Jason deBruyn

Jason deBruyn is the WUNC data reporter, a position he took in September, 2016.

In the role, Jason investigates story lines hidden in data to uncover untold issues that matter to North Carolinians. He passionate about giving a voice to the voiceless and using data to shine a light on disenfranchised groups have been taken advantage of.

Prior to joining WUNC, Jason covered the business of health care and pharmaceuticals for Triangle Business Journal in Raleigh, an affiliate of the American City Business Journals network. His reporting roots trace to the Enquirer-Journal, a community newspaper in Monroe, North Carolina.

House Bill 2 apparently did not dampen tourism in 2016.

North Carolina recorded a record $22.9 billion in visitor spending last year, according to figures recently put out by the Department of Commerce.

That’s an increase of 4.3 percent from 2015 and supported more than 218,000 tourism jobs, according to commerce.

Updated at 12:53 p.m., June 21, 2017

North Carolina state senators are expected to give final approval to a $23 billion dollar state budget Wednesday afternoon.

A fourth veto, and now a fourth override, and now hog farmers are shielded with government protection.

Governor Roy Cooper sharply criticized the federal government after it gave North Carolina less than 1 percent of the relief funds sought to assist victims of Hurricane Matthew.

Financial services giant Credit Suisse will add 1,200 new jobs in North Carolina and invest more than $70 million at its Research Triangle Park campus, the company announced Tuesday.

In many homes across the state, residents come home from work, turn on their lights, run their dishwashers and watch television or browse the Internet. They do all this without giving much thought to the electricity that courses for miles underground and through their house to power these devices.

Lawmakers recently passed a bill reducing the size of the North Carolina Court of Appeals. Republicans said the court's caseload is down, but Democrats complained the only motivation was to prevent Governor Cooper from making appointments.

So who’s right?

Flooding. Sewer spills. Contaminated drinking water.

Across North Carolina's communities, water systems have been pushed to their limits, and in some cases overrun. Hurricane Matthew, for example, wreaked havoc. On a smaller scale, flooding throughout the Triangle this week showed that drainage systems are susceptible even outside major disasters.

The king of beers is, well, still the king of beers. But the hundreds of small breweries, including many in North Carolina, are quickly gaining steam.

Over the past few years, teachers across North Carolina received highly publicized pay raises.

The increases were generally met with few objections and heralded as long overdue.

Left out of the press releases, however, was a shift that reduced teaching assistant positions, something that will hurt disadvantaged students across the state.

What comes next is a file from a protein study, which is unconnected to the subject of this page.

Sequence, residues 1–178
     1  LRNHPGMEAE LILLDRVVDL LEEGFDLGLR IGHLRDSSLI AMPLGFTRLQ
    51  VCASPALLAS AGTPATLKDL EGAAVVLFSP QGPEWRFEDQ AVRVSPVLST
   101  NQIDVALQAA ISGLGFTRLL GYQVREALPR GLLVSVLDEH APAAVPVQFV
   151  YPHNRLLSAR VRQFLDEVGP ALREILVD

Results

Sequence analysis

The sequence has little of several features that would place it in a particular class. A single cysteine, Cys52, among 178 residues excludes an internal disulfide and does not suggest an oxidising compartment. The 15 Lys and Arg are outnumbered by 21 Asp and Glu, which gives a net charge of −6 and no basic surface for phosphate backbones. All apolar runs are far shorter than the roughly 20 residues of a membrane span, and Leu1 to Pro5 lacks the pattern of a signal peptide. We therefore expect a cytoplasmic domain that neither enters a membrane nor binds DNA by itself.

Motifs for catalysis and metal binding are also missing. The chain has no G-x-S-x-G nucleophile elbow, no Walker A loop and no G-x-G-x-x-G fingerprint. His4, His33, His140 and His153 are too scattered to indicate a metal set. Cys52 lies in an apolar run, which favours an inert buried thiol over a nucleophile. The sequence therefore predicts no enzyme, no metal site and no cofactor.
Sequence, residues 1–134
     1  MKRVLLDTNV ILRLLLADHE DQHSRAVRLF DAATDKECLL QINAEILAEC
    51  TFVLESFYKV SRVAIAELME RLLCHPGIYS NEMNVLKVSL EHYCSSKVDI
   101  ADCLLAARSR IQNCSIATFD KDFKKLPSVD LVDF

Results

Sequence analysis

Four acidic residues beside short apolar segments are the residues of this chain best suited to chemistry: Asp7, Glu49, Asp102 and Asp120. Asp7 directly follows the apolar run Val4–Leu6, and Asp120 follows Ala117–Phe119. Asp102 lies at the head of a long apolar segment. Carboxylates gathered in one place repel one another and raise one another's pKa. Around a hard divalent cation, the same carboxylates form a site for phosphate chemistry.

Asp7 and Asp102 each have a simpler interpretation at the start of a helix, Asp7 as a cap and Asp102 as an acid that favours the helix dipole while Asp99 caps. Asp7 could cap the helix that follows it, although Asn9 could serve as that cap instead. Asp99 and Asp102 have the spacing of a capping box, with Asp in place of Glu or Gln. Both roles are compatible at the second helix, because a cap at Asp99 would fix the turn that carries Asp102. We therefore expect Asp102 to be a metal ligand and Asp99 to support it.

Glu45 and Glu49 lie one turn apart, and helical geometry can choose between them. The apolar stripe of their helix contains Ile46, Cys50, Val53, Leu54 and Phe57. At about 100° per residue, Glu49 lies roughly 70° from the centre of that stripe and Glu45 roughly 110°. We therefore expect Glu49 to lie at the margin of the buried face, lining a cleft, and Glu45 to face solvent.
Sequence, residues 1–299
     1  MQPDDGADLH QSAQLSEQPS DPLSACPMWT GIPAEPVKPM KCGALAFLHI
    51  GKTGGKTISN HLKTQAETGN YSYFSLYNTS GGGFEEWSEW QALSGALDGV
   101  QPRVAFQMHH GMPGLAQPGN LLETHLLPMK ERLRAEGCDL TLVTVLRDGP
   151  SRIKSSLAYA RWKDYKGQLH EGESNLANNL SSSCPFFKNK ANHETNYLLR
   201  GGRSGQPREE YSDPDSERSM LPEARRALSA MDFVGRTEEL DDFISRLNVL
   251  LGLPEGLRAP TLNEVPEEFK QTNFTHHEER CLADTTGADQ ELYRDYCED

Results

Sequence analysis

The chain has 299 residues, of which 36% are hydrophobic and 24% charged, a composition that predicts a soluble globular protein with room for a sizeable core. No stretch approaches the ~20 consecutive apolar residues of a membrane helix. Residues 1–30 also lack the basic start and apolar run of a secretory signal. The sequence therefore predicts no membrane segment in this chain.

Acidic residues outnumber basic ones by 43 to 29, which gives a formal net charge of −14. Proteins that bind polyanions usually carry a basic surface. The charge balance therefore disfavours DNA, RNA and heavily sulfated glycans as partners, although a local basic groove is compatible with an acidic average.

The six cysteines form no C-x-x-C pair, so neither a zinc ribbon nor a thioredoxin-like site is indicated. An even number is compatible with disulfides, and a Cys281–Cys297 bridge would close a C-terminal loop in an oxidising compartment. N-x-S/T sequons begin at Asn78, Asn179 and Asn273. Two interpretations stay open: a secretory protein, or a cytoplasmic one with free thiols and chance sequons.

Workplace fatalities in North Carolina hit a six-year high, according to preliminary data released by the N.C. Department of Labor.

North Carolina's abortion rate has inched up since 2011, even as the national rate continues a long and steady decline, according to new figures released by the Guttmacher Institute, a research group that supports legalized abortion.

North Carolina's public universities will likely increase tuition and fees for new students.

Even after a 2 percent tuition increase, however, North Carolina public universities would still rank among the cheapest when compared to respective peers.

Just as a new Republican-led Congress on Capitol Hill is discussing how to dismantle the Affordable Care Act, North Carolina's newly elected governor pledged to implement portions of the ACA that had been left behind in this state.

This is the first of three stories in a series looking into North Carolina's opioid drug epidemic.

On many days, Louise Vincent still cries.

She thinks about what might have been. Maybe her daughter, Selena, could have been a mother herself. Maybe a teacher. Maybe a social worker.

This is the second of three stories in a series looking into North Carolina's opioid drug epidemic. Read the first story here.

Brunswick County Sheriff John Ingram was losing a battle against drugs.

This is the final of three stories in a series looking into North Carolina's opioid drug epidemic. Read the first and second stories.

Louise Vincent believes her daughter, Selena, would still be alive today if a harm reduction treatment method were more widely accepted.

The newly renamed North Carolina F.C. will face stiff competition to join Major League Soccer.

Owner Steve Malik bought the team a little more than a year ago, when it was still named the Carolina RailHawks. He quickly set his sights on making a bid to move from the North American Soccer League, a minor league soccer league, to the MLS, the highest professional soccer level in the United States.

Fake news has received significant attention in the wake of the 2016 election. But to many in the news industry, it’s the continuing demise of real news organizations that raises bigger warning flags.

Big changes hit the Triangle’s soccer world Tuesday as the owner of the local professional team proposed plans to push for a Major League Soccer bid, form a women’s professional team and seek a new stadium with a capacity of more than 20,000 seats.

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